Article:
Supplements, vitamins, and probiotics also play critical roles in stimulating collagen synthesis, wound healing, and bone formation: all part of the healing process. But it doesn’t matter what you eat if you don’t absorb it properly. The entire processes of both gut metabolism and the gut microbiome are influenced by any change in diet, the acidity produced in the stomach from stress, and a host of other insults. But the biggest negative may be the nuclear bombs called antibiotics that, when given at surgery, wipe out billions of essential microflorae living throughout your intestinal tract. Repopulating the gut biome with a balanced diet is another critical step in the production of a healing environment.

So, the next time you suffer an injury, use it as an excuse to both optimize your diet and fuel your recovery with powerful nutritional stimulants for muscle building. Your doctor (and body) will thank you.


  1. Smith-Ryan AE, Hirsch KR, Saylor HE, Gould LM, Blue MN. Nutritional considerations and strategies to facilitate injury recovery and rehabilitation. Journal of Athletic Training. 2020;55(9):918-930. doi:10.4085/1062-6050-550-19

  2. Gianotti L, Morelli L, Galbiati F, et al. A randomized double-blind trial on perioperative administration of probiotics on colorectal cancer patients. World J Gastroenterol. 2010;16(2):167-175. doi: 10.3748/wjg.v16.i2.167

  3. Schricker T, Lattermann R. Strategies to attenuate the catabolic response to surgery and improve perioperative outcomes. Can J Anaesth. 2007;54(6):414-419. doi: 10.1007/BF03022026

  4. Soop M, Nygren J, Thorell A, et al. Preoperative oral carbohydrate treatment attenuates endogenous glucose release 3 days after surgery. Clin Nutr. 2004;23(4):733-741. doi: 10.1016/j.clnu.2003.12.007

  5. Evans DC, Martindale RG, Kiraly LN, Jones CM. Nutrition optimization prior to surgery. Nutr Clin Pract. 2014;29(1):10-21. doi: 10.1177/0884533613517006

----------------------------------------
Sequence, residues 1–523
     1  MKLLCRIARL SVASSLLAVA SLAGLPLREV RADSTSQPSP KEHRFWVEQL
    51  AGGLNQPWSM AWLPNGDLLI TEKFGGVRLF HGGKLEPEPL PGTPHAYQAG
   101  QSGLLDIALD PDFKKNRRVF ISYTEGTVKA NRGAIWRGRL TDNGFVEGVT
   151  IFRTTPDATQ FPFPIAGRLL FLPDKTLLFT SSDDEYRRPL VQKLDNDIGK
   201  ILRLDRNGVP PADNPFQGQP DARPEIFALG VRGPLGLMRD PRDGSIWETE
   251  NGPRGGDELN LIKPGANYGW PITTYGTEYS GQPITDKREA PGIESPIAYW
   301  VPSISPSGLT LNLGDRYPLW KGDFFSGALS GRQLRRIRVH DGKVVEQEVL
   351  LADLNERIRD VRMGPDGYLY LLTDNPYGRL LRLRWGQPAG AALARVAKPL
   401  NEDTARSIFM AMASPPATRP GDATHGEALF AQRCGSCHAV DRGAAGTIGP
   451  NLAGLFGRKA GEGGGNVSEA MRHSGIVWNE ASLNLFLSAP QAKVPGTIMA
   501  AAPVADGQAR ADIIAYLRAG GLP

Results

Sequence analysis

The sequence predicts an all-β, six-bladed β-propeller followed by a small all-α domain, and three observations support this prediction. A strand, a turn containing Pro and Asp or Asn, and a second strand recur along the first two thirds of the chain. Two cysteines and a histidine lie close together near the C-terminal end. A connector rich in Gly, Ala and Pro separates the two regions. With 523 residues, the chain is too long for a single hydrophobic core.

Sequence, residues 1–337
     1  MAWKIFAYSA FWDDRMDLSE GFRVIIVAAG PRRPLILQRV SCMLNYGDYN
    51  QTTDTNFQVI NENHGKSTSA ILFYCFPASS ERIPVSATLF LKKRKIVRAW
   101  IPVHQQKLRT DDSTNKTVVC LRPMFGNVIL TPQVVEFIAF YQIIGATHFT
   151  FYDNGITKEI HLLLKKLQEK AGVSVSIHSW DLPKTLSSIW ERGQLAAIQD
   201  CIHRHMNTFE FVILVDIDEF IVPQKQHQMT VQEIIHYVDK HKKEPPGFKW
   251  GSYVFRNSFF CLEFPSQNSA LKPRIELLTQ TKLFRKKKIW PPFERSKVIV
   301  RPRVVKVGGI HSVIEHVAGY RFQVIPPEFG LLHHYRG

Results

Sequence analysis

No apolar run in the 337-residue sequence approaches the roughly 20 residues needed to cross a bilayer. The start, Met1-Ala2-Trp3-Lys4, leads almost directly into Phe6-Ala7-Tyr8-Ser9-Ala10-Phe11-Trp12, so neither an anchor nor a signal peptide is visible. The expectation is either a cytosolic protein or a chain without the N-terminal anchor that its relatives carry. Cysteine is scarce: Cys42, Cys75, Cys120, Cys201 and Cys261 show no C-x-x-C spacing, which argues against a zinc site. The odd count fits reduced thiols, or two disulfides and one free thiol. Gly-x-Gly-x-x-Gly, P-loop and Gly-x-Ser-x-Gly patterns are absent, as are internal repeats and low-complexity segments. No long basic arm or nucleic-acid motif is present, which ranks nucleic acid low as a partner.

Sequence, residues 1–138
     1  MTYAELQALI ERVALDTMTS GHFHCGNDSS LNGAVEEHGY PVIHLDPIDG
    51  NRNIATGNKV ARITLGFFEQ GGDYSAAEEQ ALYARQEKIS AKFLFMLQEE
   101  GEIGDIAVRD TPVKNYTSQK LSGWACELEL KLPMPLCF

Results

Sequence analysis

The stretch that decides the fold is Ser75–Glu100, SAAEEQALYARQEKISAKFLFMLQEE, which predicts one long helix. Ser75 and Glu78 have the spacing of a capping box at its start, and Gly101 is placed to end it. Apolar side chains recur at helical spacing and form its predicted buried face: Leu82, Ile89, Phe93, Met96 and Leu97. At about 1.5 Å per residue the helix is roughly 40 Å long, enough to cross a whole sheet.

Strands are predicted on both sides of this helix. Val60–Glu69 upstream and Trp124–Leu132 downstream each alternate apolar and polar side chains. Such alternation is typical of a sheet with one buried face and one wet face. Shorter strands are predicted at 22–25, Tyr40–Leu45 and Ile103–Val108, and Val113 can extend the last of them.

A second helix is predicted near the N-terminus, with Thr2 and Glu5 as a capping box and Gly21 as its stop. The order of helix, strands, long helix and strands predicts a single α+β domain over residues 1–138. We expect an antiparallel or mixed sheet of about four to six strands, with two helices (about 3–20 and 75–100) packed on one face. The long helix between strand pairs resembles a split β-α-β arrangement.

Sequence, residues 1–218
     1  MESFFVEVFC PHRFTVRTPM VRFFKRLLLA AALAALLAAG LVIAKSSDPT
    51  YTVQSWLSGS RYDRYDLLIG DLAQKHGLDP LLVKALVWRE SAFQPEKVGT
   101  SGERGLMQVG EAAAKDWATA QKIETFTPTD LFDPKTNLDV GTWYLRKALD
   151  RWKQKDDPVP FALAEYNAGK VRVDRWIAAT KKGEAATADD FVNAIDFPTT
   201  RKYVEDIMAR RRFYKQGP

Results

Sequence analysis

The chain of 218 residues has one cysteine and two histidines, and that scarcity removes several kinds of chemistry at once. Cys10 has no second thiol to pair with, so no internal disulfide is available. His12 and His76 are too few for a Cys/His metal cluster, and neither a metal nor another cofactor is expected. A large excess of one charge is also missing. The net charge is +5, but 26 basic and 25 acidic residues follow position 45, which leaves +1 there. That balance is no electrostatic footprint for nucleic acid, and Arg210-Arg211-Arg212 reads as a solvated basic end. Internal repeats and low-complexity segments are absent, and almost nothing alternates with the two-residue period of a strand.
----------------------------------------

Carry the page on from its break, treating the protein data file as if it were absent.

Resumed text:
6. Demling RH. Nutrition, anabolism, and the wound healing process: an overview. Eplasty. 2009;9:e9.

  7. Jager R, Kerksick CM, Campbell BI, et al. International Society of Sports and Nutrition position stand: protein and exercise. J Int Soc Sports Nutr. 2017;14:20. doi: 10.1186/s12970-017-0177-8

  8. Nicastro H, Artioli GG, Costa Ados S, et al. An overview of the therapeutic effects of leucine supplementation on skeletal muscle under atrophic conditions. Amino Acids. 2011;40(2):287-300.

  9. Parr EB, Camera DM, Areta JL, et al. Alcohol ingestion impairs maximal post-exercise rates of myofibrillar protein synthesis following a single bout of concurrent training. PLos One. 2014;9(2):e88384. doi: 10.1371/journal.prone.0088384

  10. Jung MK, Callaci JJ, Lauing KL, et al. Alcohol exposure and mechanisms of tissue injury and repair. Alcohol Clin Exp Res. 2011;35(3):392-399. doi: 10.1111/j.1530-0277.2010.01356.x

Medically authored by
Kevin R. Stone, MD
Orthopaedic surgeon, clinician, scientist, inventor, and founder of multiple companies. Dr. Stone was trained at Harvard University in internal medicine and orthopaedic surgery and at Stanford University in general surgery.